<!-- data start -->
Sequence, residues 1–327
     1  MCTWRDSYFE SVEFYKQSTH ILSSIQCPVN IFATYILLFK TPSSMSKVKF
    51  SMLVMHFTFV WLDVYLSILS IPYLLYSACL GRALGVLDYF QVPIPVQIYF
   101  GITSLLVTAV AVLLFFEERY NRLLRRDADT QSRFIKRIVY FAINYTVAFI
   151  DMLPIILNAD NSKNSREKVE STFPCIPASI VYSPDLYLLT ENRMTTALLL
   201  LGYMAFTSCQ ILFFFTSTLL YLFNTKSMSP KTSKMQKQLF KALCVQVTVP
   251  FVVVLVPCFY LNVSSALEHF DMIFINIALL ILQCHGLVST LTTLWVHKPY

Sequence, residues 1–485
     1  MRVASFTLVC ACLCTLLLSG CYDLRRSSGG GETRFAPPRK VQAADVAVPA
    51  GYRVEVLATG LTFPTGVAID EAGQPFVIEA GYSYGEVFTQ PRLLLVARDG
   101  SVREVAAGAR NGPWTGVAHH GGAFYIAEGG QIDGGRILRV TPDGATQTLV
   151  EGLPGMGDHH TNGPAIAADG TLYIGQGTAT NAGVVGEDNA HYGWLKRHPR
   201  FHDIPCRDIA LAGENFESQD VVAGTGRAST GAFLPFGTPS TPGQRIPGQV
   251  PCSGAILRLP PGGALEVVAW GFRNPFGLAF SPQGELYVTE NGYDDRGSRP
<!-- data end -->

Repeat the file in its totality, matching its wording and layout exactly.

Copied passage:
Sequence, residues 1–327
     1  MCTWRDSYFE SVEFYKQSTH ILSSIQCPVN IFATYILLFK TPSSMSKVKF
    51  SMLVMHFTFV WLDVYLSILS IPYLLYSACL GRALGVLDYF QVPIPVQIYF
   101  GITSLLVTAV AVLLFFEERY NRLLRRDADT QSRFIKRIVY FAINYTVAFI
   151  DMLPIILNAD NSKNSREKVE STFPCIPASI VYSPDLYLLT ENRMTTALLL
   201  LGYMAFTSCQ ILFFFTSTLL YLFNTKSMSP KTSKMQKQLF KALCVQVTVP
   251  FVVVLVPCFY LNVSSALEHF DMIFINIALL ILQCHGLVST LTTLWVHKPY

Sequence, residues 1–485
     1  MRVASFTLVC ACLCTLLLSG CYDLRRSSGG GETRFAPPRK VQAADVAVPA
    51  GYRVEVLATG LTFPTGVAID EAGQPFVIEA GYSYGEVFTQ PRLLLVARDG
   101  SVREVAAGAR NGPWTGVAHH GGAFYIAEGG QIDGGRILRV TPDGATQTLV
   151  EGLPGMGDHH TNGPAIAADG TLYIGQGTAT NAGVVGEDNA HYGWLKRHPR
   201  FHDIPCRDIA LAGENFESQD VVAGTGRAST GAFLPFGTPS TPGQRIPGQV
   251  PCSGAILRLP PGGALEVVAW GFRNPFGLAF SPQGELYVTE NGYDDRGSRP